The iShares MSCI EAFE ETF (EFA) and the Financial Select Sector SPDR Fund (XLF) are both among the Top 100 ETFs. EFA is a iShares Foreign Large Blend fund and XLF is a SPDR State Street Global Advisors Financial fund. So, what’s the difference between EFA and XLF? And which fund is better?
The expense ratio of EFA is 0.20 percentage points higher than XLF’s (0.32% vs. 0.12%). EFA also has a lower exposure to the financial services sector and a lower standard deviation. Overall, EFA has provided lower returns than XLF over the past ten years.
In this article, we’ll compare EFA vs. XLF. We’ll look at annual returns and industry exposure, as well as at their holdings and risk metrics. Moreover, I’ll also discuss EFA’s and XLF’s performance, fund composition, and portfolio growth and examine how these affect their overall returns.
|Name||iShares MSCI EAFE ETF||Financial Select Sector SPDR Fund|
|Category||Foreign Large Blend||Financial|
|Issuer||iShares||SPDR State Street Global Advisors|
The iShares MSCI EAFE ETF (EFA) is a Foreign Large Blend fund that is issued by iShares. It currently has 56.77B total assets under management and has yielded an average annual return of 6.47% over the past 10 years. The fund has a dividend yield of 2.28% with an expense ratio of 0.32%.
The Financial Select Sector SPDR Fund (XLF) is a Financial fund that is issued by SPDR State Street Global Advisors. It currently has 40.81B total assets under management and has yielded an average annual return of 12.17% over the past 10 years. The fund has a dividend yield of 1.57% with an expense ratio of 0.12%.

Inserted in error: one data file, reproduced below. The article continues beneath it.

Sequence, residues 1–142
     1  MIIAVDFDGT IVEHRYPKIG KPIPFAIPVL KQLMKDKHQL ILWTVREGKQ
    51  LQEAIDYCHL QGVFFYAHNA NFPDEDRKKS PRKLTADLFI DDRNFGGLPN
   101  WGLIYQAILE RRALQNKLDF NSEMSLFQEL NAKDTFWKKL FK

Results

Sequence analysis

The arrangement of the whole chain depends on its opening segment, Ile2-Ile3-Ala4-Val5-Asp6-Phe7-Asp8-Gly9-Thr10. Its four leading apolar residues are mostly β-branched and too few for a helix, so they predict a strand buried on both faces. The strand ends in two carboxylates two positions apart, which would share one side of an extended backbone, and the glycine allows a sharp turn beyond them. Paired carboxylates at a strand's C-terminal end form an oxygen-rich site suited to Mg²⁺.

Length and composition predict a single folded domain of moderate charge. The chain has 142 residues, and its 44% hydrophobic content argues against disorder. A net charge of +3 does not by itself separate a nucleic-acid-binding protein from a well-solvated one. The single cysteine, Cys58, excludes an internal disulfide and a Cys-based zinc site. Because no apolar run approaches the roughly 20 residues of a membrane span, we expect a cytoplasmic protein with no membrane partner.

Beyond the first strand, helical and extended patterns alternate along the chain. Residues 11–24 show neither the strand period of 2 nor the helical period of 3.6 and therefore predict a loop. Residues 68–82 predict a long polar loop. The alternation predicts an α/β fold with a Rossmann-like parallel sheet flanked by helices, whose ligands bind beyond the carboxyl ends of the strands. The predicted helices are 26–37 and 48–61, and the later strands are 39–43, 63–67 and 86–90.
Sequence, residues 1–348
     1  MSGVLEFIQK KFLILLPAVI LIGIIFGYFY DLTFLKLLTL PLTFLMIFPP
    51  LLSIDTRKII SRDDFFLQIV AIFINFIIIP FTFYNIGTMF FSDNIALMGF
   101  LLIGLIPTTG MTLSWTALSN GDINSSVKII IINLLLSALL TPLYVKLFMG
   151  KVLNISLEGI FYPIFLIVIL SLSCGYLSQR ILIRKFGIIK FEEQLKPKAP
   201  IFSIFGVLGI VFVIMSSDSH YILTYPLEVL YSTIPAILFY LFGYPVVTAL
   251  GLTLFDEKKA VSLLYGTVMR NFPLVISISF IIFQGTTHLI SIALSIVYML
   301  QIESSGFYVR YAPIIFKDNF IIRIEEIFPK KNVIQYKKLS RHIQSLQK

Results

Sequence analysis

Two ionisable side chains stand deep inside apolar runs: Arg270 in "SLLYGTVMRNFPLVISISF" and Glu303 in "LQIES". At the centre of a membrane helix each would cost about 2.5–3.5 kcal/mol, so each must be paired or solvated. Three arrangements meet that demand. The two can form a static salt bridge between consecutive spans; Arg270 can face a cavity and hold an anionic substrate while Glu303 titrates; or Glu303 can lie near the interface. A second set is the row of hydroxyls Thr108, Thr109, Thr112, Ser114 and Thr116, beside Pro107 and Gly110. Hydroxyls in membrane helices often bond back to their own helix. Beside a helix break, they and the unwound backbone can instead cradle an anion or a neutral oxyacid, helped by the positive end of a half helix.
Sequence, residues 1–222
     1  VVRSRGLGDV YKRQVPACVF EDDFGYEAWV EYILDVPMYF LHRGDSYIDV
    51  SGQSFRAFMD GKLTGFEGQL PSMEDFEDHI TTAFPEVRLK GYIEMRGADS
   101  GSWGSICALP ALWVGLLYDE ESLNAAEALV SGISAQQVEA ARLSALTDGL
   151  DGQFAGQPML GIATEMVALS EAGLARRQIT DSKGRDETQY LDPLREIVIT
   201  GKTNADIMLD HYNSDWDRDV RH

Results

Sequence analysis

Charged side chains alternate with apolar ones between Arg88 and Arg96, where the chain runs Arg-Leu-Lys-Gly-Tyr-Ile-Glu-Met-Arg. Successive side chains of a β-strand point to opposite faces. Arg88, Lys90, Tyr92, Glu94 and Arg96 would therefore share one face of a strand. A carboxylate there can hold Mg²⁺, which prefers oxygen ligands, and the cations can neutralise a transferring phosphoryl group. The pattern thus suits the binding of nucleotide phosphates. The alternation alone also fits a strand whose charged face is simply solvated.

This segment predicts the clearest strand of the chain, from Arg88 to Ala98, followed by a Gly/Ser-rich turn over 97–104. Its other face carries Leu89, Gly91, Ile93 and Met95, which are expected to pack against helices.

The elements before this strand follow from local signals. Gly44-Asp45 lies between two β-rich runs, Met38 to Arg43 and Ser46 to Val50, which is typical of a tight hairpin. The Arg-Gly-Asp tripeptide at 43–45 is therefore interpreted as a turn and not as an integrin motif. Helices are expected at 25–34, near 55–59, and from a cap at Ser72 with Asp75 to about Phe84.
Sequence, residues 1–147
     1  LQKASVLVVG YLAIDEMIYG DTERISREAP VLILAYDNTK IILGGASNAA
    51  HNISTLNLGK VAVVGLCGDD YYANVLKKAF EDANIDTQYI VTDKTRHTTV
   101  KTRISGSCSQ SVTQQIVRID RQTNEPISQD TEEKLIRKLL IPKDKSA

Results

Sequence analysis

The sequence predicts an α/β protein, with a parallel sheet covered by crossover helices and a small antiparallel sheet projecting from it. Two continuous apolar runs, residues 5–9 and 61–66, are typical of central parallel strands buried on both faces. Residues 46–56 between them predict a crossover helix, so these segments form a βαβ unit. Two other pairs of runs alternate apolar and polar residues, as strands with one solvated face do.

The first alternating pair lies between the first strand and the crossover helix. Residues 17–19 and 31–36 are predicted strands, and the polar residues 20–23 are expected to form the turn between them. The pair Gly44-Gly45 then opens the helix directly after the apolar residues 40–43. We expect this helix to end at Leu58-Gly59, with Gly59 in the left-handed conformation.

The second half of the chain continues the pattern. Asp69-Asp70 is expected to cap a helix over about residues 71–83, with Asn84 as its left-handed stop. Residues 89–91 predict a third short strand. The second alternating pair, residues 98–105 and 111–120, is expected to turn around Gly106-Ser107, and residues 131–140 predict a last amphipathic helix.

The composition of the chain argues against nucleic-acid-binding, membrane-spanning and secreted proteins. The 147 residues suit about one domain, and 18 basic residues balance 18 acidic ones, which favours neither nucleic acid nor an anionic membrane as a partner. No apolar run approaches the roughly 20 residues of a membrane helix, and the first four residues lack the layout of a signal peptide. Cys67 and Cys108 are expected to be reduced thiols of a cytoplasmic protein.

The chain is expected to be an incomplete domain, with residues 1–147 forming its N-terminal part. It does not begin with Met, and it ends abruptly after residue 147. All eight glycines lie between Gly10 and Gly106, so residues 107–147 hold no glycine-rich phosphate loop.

EFA’s dividend yield is 0.71% higher than that of XLF (2.28% vs. 1.57%). Also, EFA yielded on average 5.70% less per year over the past decade (6.47% vs. 12.17%). The expense ratio of EFA is 0.20 percentage points higher than XLF’s (0.32% vs. 0.12%).
The iShares MSCI EAFE ETF (EFA) has the most exposure to the Financial Services sector at 16.88%. This is followed by Industrials and Healthcare at 15.01% and 12.8% respectively. Utilities (3.35%), Energy (3.51%), and Communication Services (5.68%) only make up 12.54% of the fund’s total assets.
EFA’s mid-section with moderate exposure is comprised of Basic Materials, Technology, Consumer Defensive, Consumer Cyclical, and Healthcare stocks at 7.91%, 9.68%, 10.56%, 11.62%, and 12.8%.
The Financial Select Sector SPDR Fund (XLF) has the most exposure to the Financial Services sector at 100.0%. This is followed by Technology and Industrials at 0.0% and 0.0% respectively. Consumer Cyclical (0.0%), Real Estate (0.0%), and Consumer Defensive (0.0%) only make up 0.00% of the fund’s total assets.
XLF’s mid-section with moderate exposure is comprised of Healthcare, Utilities, Communication Services, Energy, and Industrials stocks at 0.0%, 0.0%, 0.0%, 0.0%, and 0.0%.
EFA is 83.12% less exposed to the Financial Services sector than XLF (16.88% vs 100.0%). EFA’s exposure to Industrials and Healthcare stocks is 15.01% higher and 12.80% higher respectively (15.01% vs. 0.0% and 12.8% vs. 0.0%). In total, Utilities, Energy, and Communication Services also make up 12.54% more of the fund’s holdings compared to XLF (12.54% vs. 0.00%).
|ASML Holding NV||1.69%|